Robert McKee says that stories are the most powerful way to put ideas into the world today. When Michael Smull visited Central Lancashire, he too talked about the power of '5 minute stories' as an educational tool, encouraging us to reveal how important the issues we are talking about are by relating them to the real experiences of real people.

In my work promoting person centred thinking and planning, I've found that to be a fundamental truth about how to get your message across. What really helps people understand an issue, is when it's attached to a human being, with a personality and a back story.

That's why Mencap's campaign 'Death By Indifference' was so strong. The harrowing tales of 8 people who encountered a wall of indifference when they had to use British hospitals, indifference that resulted in their tragic and unneccessary deaths. The statistics had always been there for everyone to see, but it took personal stories to bring what was known by people with learning disabilities and their carers to the attention of the wider community.

I used the 'Death by Indifference' stories in a recent lecture I gave to some social work students at UCLAN last week. They were genuinely shocked that this could even happen in our NHS. They each looked at an individual case study, thinking about what went wrong, and why, then thinking about what actions might have prevented the tragedies. Relating the issues in this way meant we were able to have a wide ranging discussion about the work of learning disability teams, hospital champions, hospital passports, health action plans and communication charts and guides.

I felt however that it would be unbalanced simply to regale the students simply with negative and perhaps discouraging stories without offering them some alternative. I know academia is all about analysis and criticism, but it should also be a place where creativity and constructiveness are nurtured. So I searched out this story about Maureen on Helen Sanderson Associates website, a simple story about how with a little bit of persistence and determination, a person's supporter was able to persuade a nursing team on a hospital ward to use a communication chart to listen much better to Maureen and her needs, and to explain the care they were giving her better. This simple breakthrough in communication enabled Maureen to trust them and finally start to benefit from the care they were giving, possibly even saving her life.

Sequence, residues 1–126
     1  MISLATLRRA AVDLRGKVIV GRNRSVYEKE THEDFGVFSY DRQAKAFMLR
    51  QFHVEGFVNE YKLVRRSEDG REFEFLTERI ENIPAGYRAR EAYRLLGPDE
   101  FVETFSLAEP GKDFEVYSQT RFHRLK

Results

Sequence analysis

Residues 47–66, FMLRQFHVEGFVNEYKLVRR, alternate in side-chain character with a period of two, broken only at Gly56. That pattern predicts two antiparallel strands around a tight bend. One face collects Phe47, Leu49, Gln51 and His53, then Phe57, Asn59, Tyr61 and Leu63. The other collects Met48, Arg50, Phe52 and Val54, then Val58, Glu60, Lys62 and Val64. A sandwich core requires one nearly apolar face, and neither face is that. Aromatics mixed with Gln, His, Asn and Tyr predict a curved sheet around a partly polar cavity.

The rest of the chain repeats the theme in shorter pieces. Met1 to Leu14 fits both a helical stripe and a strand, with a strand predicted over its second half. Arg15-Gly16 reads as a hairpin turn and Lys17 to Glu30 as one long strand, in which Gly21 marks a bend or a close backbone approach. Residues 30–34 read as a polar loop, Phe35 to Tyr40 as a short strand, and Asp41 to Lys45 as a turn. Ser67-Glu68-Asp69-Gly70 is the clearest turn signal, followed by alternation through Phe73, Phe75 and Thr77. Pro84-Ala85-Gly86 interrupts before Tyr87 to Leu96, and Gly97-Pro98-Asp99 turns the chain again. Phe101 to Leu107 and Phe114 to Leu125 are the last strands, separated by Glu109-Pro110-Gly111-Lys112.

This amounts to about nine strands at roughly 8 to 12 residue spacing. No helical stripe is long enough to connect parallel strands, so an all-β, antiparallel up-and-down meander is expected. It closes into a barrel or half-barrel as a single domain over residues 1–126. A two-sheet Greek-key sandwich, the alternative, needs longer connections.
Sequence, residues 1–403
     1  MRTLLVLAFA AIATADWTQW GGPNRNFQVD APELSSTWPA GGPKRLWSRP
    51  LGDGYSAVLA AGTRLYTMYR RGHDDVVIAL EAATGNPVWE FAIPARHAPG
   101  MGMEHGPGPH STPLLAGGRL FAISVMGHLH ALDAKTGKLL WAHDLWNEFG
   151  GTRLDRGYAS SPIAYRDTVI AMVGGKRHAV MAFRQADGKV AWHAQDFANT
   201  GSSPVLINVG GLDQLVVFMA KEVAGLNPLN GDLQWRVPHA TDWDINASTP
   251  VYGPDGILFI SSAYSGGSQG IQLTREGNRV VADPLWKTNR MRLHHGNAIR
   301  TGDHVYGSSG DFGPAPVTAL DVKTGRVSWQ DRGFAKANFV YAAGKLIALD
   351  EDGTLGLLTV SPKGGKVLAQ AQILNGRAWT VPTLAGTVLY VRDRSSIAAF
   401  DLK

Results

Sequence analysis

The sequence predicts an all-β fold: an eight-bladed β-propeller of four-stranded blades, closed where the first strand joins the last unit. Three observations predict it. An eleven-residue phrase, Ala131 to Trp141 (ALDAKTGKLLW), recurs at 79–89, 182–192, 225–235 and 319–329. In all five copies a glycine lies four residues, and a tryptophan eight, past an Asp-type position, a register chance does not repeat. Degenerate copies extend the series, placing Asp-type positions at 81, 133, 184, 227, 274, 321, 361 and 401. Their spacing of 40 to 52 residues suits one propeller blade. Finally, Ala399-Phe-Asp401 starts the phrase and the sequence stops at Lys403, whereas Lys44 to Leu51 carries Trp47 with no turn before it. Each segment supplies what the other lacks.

I could almost sense the sigh of relief as the students read her case study.

In their feedback, the students told me that they felt much more motivated by their encounter with these stories to continue with their course, that it was encouraging that sometimes quite small and simple changes can make an enormous difference in the outcomes that people experience.

Given yesterday's report from the Care Quality Commission about the way acute hospital care is failing so many elderly patients, perhaps there is a lot that can be learned by many people in health and social care from stories like Maureens and applied in our hospitals. Sometimes I feel with the NHS that the politicians are focussing on the wrong issues. The really big task in our NHS is to find ways to change entrenched attitudes to disempowered people, like people with learning disabilities and the elderly, helping everyone involved remember that these people are the experts on their own lives, and enabling these people and their family carers to have a direct say and involvement in how their care will work.

So that's my story about the power of stories.

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